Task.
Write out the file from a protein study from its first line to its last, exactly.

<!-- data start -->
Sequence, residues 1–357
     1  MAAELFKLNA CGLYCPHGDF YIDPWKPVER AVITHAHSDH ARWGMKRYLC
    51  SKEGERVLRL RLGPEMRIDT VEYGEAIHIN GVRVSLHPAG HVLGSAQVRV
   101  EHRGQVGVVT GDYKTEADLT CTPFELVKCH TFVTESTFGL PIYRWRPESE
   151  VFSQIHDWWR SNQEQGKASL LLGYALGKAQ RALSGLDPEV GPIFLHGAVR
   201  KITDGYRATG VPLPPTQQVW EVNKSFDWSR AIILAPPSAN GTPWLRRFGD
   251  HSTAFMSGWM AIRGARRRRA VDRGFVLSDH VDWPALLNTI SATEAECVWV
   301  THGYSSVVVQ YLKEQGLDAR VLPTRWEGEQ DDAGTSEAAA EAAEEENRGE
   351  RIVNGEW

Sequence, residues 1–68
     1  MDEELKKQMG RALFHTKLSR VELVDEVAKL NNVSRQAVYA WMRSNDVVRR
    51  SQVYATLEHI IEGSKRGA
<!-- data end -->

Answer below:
Sequence, residues 1–357
     1  MAAELFKLNA CGLYCPHGDF YIDPWKPVER AVITHAHSDH ARWGMKRYLC
    51  SKEGERVLRL RLGPEMRIDT VEYGEAIHIN GVRVSLHPAG HVLGSAQVRV
   101  EHRGQVGVVT GDYKTEADLT CTPFELVKCH TFVTESTFGL PIYRWRPESE
   151  VFSQIHDWWR SNQEQGKASL LLGYALGKAQ RALSGLDPEV GPIFLHGAVR
   201  KITDGYRATG VPLPPTQQVW EVNKSFDWSR AIILAPPSAN GTPWLRRFGD
   251  HSTAFMSGWM AIRGARRRRA VDRGFVLSDH VDWPALLNTI SATEAECVWV
   301  THGYSSVVVQ YLKEQGLDAR VLPTRWEGEQ DDAGTSEAAA EAAEEENRGE
   351  RIVNGEW

Sequence, residues 1–68
     1  MDEELKKQMG RALFHTKLSR VELVDEVAKL NNVSRQAVYA WMRSNDVVRR
    51  SQVYATLEHI IEGSKRGA